The proposed projects for the Barker Reservoir watershed include funding for a feasibility study required by Congress and the U.S. Army Corps of Engineers for any modification to the Addicks and Barker reservoirs, as well as funding for silt removal inside the Barker Reservoir and de-silting of the 17 channels and tributaries upstream of the reservoir, according to HCFCD documents.
Two more projects include plans for nearly $2.2 million in storm repairs in the reservoir and various subdivision drainage improvements that total $33 million. The storm repairs are already under design and will eventually be funded through a grant from the Natural Resources Conservation Service, a branch under the U.S. Department of Agriculture, HCFCD officials said.
“The flood control district decided to move ahead with design on our own dime to speed up the process,” HCFCD Chief Operations Officer Matthew Zeve said.
Zeve said the NRCS grant will fund 80 percent of the construction for the storm repairs and 20 percent will be funded by the flood control district. The first batch of repairs will go to construction later this year, he said.
The $33 million in subdivision repairs all reside within areas of incorporated Harris County that are run by municipal utility districts. Zeve said these subdivision repair projects will require partnerships with the local MUDs, Harris County Engineering and the flood control district to provide internal drainage improvements that include improving storm sewers and inlets.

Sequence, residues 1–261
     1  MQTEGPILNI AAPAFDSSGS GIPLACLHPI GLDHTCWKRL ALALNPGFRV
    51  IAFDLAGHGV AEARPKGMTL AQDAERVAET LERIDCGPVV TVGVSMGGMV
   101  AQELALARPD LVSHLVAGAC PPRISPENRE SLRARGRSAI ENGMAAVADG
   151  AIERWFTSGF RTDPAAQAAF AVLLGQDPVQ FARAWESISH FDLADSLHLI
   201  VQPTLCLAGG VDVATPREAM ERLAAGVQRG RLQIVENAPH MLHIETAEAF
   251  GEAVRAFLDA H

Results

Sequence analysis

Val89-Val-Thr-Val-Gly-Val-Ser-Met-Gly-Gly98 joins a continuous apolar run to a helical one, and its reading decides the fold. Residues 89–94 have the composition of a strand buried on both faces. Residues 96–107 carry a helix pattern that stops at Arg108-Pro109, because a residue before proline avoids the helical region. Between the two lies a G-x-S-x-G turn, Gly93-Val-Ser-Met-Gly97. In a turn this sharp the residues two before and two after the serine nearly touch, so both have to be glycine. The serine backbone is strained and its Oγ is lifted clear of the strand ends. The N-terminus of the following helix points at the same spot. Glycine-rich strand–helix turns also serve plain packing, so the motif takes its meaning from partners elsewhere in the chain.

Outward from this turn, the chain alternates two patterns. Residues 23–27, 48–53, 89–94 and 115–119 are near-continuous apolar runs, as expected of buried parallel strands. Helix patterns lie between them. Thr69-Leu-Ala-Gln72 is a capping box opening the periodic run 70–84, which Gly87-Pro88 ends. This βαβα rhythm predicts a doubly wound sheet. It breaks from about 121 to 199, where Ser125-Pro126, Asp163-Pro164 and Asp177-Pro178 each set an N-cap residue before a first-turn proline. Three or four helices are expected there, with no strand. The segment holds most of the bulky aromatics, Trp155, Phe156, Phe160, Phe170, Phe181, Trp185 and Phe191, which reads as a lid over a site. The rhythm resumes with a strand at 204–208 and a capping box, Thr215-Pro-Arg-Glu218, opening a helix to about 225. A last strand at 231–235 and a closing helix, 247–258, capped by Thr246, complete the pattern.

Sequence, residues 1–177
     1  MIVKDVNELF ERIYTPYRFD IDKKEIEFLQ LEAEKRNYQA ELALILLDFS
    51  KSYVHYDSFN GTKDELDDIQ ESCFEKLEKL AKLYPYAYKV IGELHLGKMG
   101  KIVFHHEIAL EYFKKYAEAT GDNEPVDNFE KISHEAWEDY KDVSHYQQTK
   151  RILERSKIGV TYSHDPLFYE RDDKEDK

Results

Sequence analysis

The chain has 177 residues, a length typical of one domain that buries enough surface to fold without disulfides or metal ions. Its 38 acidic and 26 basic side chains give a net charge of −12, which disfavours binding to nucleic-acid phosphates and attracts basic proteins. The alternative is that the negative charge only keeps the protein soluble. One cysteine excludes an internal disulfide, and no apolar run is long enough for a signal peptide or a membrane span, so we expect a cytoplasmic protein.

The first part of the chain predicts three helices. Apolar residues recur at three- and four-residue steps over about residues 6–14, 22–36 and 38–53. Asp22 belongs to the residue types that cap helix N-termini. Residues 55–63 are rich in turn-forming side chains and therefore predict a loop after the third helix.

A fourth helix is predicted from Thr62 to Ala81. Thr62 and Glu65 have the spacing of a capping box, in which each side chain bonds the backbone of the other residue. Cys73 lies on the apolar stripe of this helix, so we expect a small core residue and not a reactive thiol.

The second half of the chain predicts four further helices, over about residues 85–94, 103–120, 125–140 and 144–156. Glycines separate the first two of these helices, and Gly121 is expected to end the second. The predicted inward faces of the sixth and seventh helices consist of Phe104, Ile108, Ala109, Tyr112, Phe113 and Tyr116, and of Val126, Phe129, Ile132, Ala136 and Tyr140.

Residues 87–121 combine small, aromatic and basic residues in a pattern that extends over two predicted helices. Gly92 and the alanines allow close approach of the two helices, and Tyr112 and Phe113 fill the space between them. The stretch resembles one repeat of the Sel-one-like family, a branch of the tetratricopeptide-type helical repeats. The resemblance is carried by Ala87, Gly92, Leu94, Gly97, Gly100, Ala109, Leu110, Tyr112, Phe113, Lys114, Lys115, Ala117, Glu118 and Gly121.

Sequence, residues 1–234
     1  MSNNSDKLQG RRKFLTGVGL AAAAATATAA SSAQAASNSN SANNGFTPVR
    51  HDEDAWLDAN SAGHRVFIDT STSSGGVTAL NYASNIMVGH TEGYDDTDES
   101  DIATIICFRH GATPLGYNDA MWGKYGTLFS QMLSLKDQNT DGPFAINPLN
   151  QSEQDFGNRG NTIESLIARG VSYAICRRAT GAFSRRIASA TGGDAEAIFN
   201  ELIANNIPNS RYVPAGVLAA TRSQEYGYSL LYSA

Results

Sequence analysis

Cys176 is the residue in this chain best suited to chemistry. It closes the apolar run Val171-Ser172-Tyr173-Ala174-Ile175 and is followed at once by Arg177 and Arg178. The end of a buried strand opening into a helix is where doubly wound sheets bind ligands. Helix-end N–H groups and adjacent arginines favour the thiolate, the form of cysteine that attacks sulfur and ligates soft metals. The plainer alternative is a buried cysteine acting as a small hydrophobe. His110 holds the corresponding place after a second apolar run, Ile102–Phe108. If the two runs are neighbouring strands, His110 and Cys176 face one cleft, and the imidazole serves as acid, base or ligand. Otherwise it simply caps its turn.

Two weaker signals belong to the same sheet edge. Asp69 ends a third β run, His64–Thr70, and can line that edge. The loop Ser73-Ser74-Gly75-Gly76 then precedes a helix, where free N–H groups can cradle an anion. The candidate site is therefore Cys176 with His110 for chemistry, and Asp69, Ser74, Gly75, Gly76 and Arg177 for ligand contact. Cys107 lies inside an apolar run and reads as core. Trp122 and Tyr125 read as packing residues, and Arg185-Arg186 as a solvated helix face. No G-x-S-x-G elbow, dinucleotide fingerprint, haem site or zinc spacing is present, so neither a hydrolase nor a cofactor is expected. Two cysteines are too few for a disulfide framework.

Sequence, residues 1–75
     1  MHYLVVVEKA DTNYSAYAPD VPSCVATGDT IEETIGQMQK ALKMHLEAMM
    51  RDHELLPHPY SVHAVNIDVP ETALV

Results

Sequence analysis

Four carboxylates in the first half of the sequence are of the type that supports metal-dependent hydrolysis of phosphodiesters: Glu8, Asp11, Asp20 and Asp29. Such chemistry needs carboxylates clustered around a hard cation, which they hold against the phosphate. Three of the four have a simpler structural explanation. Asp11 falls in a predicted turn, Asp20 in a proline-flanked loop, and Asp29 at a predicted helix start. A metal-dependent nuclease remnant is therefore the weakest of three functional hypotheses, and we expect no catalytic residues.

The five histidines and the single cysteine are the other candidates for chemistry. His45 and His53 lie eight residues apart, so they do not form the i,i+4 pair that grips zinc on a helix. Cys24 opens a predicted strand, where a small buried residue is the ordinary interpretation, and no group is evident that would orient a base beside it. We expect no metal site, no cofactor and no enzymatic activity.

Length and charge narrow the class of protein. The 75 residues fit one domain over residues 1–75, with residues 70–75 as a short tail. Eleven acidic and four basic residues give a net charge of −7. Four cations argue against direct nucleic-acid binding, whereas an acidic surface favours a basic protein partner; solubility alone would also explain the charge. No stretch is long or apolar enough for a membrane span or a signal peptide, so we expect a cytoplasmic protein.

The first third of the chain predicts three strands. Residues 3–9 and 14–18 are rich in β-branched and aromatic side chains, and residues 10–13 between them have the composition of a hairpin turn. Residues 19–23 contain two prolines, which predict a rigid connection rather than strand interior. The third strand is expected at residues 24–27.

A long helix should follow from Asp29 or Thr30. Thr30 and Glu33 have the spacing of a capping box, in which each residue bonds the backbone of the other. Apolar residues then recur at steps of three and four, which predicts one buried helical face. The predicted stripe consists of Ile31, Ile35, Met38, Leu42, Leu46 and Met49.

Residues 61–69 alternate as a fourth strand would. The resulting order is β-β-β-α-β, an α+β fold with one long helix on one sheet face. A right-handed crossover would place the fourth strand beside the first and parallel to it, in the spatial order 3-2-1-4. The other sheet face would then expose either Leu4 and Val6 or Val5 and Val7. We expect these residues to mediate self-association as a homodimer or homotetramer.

“All these subdivisions were built before current standards were in place so this program is to fund, with the corporation of the MUD … [the storm repairs within those subdivisions],” Zeve said.
Zeve said the flood control district expects to have a finalized list of the proposed projects for the entire region by Friday, or Monday the latest. Despite the deadline he said he expects all of the proposed projects in the Barker Reservoir watershed to be included.
Harris County Judge Ed Emmett and spoke at the beginning portion of the meeting to thank residents for their participation. He said he thinks the most critical projects to the Katy area are cleaning up both the Addicks and Barker reservoirs.
“If the bond failed it would send a signal to the whole world that we don’t care,” Emmett said. “This is the most important election we’ve had in our area in a long, long time. Flood control is now the priority, it’s not job one, we are going to have to focus on it.”
Katy resident Susan Canavespe was one of the hundreds of Katy residents in attendance. She said while she is in support of the bond, she thinks more needs to be done and faster.
“There are a lot of people still doing construction that cannot live in their homes,” Canavespe said. “We need to get started, because this is not a 100-year event.”